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Carob

Common names: St. John’s bread, Locust bean

Botanical name: Ceratonia siliqua

Photo

© Martin Wall

Parts used and where grown

Carob is originally from the Mediterranean region and the western part of Asia. Today it is grown mostly in Mediterranean countries. The gum from carob seeds is called locust bean gum. The dried, powdered pods of the plant are used in herbal medicine.

Carob has been used in connection with the following conditions (refer to the individual health concern for complete information):

Science Ratings Health Concerns
2Stars

Diarrhea

3Stars Reliable and relatively consistent scientific data showing a substantial health benefit.
2Stars Contradictory, insufficient, or preliminary studies suggesting a health benefit or minimal health benefit.
1Star For an herb, supported by traditional use but minimal or no scientific evidence. For a supplement, little scientific support and/or minimal health benefit.

Historical or traditional use (may or may not be supported by scientific studies)

Carob has long been eaten as food. John the Baptist is said to have eaten it, and thus it is sometimes called St. John’s bread. Powdered carob pods have been used to treat diarrhea for centuries.

Active constituents

The main constituents of carob are sugars and tannins. Carob tannins have an astringent effect in the gastrointestinal tract making them useful for treating diarrhea. They may also bind to (and thereby inactivate) toxins and inhibit growth of bacteria. The sugars make carob gummy and able to act as a thickener to absorb water—another action that may help decrease diarrhea. A double-blind clinical trial found carob useful for treating diarrhea in infants.1 A less rigorous trial showed it did not help adults with traveler’s diarrhea.2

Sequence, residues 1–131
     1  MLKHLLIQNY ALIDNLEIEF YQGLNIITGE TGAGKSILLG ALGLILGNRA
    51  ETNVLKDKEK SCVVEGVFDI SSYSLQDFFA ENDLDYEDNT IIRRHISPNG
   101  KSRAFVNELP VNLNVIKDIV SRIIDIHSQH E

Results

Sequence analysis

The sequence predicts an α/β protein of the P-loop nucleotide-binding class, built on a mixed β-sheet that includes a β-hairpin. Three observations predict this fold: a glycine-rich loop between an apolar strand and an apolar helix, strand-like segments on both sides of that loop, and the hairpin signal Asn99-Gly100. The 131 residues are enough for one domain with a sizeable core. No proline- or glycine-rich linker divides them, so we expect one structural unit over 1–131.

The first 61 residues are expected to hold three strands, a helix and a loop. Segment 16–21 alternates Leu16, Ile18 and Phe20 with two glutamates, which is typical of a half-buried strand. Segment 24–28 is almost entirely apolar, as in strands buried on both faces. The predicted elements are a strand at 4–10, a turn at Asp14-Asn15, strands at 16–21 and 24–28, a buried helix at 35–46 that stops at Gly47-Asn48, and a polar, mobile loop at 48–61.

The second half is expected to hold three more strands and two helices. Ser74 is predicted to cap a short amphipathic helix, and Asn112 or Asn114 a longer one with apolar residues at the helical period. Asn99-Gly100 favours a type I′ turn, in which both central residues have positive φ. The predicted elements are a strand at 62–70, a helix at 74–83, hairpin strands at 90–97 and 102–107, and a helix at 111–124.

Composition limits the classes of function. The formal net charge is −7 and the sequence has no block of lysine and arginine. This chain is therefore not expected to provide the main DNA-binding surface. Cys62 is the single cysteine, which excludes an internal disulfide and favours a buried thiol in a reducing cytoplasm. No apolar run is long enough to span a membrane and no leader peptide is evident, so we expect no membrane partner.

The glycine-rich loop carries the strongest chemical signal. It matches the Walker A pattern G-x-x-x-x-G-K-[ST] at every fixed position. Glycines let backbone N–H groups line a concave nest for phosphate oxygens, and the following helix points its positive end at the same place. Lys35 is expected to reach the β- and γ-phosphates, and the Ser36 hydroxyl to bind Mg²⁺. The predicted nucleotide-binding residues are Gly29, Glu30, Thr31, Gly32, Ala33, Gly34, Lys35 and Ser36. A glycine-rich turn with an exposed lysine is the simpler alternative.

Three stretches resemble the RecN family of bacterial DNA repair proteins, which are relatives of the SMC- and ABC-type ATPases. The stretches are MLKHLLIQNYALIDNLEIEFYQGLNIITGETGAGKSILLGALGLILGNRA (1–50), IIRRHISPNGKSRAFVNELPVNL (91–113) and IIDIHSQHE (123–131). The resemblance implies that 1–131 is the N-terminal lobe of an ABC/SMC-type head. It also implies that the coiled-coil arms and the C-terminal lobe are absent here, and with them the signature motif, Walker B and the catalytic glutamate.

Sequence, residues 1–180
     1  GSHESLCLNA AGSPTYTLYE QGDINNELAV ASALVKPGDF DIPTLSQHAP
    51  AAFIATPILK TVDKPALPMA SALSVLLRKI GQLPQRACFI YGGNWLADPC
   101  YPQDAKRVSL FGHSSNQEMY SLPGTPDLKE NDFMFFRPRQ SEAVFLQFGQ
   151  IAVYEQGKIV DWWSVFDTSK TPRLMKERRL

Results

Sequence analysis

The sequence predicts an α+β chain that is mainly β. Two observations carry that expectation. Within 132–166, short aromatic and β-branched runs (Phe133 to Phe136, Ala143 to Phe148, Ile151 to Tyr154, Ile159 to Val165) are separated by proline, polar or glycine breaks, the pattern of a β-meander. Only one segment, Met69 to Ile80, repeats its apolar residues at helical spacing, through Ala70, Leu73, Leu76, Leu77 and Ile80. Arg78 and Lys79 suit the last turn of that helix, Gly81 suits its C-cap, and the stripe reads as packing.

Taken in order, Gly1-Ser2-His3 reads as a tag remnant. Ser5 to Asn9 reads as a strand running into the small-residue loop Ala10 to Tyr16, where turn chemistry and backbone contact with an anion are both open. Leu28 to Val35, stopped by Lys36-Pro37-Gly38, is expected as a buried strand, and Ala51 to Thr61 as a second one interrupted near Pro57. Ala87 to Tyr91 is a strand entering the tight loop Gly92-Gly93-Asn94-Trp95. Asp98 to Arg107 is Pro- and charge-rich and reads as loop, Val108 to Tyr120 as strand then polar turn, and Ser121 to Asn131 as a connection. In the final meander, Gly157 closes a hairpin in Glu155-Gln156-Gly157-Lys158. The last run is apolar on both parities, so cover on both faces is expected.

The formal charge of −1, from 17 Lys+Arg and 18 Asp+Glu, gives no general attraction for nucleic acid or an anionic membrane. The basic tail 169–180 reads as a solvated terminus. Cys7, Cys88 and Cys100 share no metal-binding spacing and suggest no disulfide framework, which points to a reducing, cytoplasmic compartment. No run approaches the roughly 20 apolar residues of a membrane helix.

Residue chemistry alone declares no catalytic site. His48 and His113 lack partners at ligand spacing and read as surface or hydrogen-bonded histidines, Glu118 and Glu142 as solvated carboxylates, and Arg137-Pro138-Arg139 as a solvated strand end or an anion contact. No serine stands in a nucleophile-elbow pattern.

How much is usually taken?

Some trials have used up to 15 grams of carob powder for treating diarrhea in children.3 Adults should take at least 20 grams a day for treating diarrhea. The powder can be mixed in applesauce or with sweet potatoes. Carob should be taken with plenty of water. Please note that infant diarrhea must be monitored by a healthcare professional and that proper hydration with a high electrolyte fluid is critical during acute diarrhea.

Are there any side effects or interactions?

Carob is generally safe. Only rarely have allergic reactions been reported.

At the time of writing, there were no well-known drug interactions with carob.

References:

1. Leob H, Vandenplas Y, Wursch P, Guesry P. Tannin-rich carob pod for the treatment of acute-onset diarrhea. J Pediatr Gastroent Nutr 1989;8:480–5.

2. Hostettler M, Steffen R, Tschopp A. Efficacy of tolerability of insoluble carob fraction in the treatment of travellers’ diarrhea. J Diarr Dis Res 1995;13:155–8.

3. Brown DJ. Herbal Prescriptions for Better Health. Rocklin, CA: Prima Publishing, 1996, 206.

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